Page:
12 September 2011
The Champions League 2011-12 group stage commences this week involving players from 68 different countries, with world champions Spain contributing more players – 81 of them – than any other nation.
France contributes the next most among the 32 teams in the group stage, with 77 players, followed by Brazil (69), Germany (60), Argentina (45), England (42) and Italy (41). No other nation has more than 30 players. Brazil’s key role in elite European football was touched on in this feature in March.
Some other findings:
- Milan have the oldest squad (average age 29.69 years) and Ajax have the youngest squad (23.61 years on average).
- Barcelona have the shortest squad (178.53 cm on average) and Bayer Leverkusen have the tallest (185.58 cm over average).
- Chelsea have the most experience Champions League squad, with their players averaging 35.17 Champions League games each. Viktoria Plzen are least experienced (ave. 0.17 games).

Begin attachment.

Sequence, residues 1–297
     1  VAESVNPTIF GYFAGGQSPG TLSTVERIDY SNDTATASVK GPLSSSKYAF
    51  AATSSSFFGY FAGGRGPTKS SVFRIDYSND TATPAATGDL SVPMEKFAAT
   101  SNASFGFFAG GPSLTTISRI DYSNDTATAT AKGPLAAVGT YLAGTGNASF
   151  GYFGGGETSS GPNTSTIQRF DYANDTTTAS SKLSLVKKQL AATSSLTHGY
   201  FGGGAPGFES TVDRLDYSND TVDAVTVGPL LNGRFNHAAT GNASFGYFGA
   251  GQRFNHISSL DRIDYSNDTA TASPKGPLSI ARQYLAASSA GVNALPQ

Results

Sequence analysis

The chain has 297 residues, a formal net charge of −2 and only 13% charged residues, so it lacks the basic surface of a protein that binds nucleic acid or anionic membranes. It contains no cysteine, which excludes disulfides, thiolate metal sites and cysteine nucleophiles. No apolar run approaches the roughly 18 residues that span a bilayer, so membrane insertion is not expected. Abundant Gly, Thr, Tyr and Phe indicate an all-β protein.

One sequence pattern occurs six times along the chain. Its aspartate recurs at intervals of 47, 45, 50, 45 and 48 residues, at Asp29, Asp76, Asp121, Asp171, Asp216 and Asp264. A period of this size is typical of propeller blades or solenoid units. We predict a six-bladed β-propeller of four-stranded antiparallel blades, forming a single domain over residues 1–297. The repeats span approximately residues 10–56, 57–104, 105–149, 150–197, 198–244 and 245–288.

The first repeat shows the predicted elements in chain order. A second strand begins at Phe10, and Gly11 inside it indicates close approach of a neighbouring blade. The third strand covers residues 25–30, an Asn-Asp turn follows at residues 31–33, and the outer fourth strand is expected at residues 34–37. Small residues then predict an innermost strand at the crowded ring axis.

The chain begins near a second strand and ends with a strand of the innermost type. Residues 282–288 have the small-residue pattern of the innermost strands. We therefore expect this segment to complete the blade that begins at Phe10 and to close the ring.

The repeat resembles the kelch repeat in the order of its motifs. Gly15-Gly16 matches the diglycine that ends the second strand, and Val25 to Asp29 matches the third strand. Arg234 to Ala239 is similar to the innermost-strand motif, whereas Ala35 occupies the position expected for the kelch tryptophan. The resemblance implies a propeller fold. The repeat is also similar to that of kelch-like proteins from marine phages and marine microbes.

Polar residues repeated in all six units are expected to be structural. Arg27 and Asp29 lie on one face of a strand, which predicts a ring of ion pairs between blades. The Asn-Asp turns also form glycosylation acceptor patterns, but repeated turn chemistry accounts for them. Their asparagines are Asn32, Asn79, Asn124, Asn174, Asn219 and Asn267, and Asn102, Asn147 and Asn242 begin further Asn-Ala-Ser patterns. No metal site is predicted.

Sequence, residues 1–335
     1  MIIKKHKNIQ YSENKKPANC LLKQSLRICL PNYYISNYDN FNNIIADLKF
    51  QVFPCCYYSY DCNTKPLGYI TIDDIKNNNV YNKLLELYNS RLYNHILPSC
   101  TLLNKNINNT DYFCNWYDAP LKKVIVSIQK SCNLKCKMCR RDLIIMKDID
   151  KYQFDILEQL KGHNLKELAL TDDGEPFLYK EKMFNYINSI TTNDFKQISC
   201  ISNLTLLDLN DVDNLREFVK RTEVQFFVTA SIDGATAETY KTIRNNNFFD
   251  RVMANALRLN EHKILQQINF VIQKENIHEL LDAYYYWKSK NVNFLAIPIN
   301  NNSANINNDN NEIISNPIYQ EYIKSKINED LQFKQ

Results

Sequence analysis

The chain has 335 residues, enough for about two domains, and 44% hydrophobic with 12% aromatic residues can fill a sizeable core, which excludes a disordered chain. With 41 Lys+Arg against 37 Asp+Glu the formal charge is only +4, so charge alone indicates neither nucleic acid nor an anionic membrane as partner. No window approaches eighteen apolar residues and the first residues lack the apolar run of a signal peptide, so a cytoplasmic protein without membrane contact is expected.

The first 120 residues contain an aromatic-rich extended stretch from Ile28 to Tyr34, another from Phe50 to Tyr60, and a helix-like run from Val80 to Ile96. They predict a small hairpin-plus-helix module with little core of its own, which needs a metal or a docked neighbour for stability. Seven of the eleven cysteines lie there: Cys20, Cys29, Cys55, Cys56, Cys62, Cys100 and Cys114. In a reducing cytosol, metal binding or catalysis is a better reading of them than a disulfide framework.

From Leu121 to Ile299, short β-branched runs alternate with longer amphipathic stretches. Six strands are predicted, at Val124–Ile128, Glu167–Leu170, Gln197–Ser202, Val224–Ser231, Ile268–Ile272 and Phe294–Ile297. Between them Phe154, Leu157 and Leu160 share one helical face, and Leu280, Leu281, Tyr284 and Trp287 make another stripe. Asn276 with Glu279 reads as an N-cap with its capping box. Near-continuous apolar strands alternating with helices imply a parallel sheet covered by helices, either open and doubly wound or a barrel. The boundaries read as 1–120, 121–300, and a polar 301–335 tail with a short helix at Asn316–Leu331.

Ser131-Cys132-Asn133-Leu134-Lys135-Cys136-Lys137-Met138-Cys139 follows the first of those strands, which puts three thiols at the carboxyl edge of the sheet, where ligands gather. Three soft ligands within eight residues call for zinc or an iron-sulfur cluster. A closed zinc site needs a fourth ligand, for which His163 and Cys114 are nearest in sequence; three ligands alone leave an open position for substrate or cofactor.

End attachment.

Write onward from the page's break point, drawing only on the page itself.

- CSKA Moscow have the most ‘stable squad’, with players averaging 3.76 years at the club. Olympiacos at the other extreme have players averaging less than a year.
Of the major contenders for the 2011-12 title, Barcelona have the 22nd oldest squad (12th youngest); the shortest squad; the fifth most stable (3.19 years on average at the club); and the third most experienced Champions League squad (28.06 games).
Chelsea have the sixth oldest squad and come in the top two places in height, stability and experience.
Manchester United have the 18th oldest squad, the 15th tallest, the third most stable (after CSKA and Chelsea) and the fifth most experienced (after Chelsea, Milan, Barca and Internazionale).
Champions League debutants Manchester City have the 23rd oldest squad, the sixth tallest, the 19th most stable (average under two years at the club) and the 11th most experienced in the competition.
As we reported last week, experience has generally proved to be a key indicator of success at domestic level.
CIES studies the origins, training, experience, employment mobility and performance of players across Europe, with its latest Annual Review of the European Football Players’ Labour Market available to buy now (link here, where a free extract can also be downloaded).
A PDF detailing the analysis of the all the squads can be found by following this link to Eurofootplayers.org.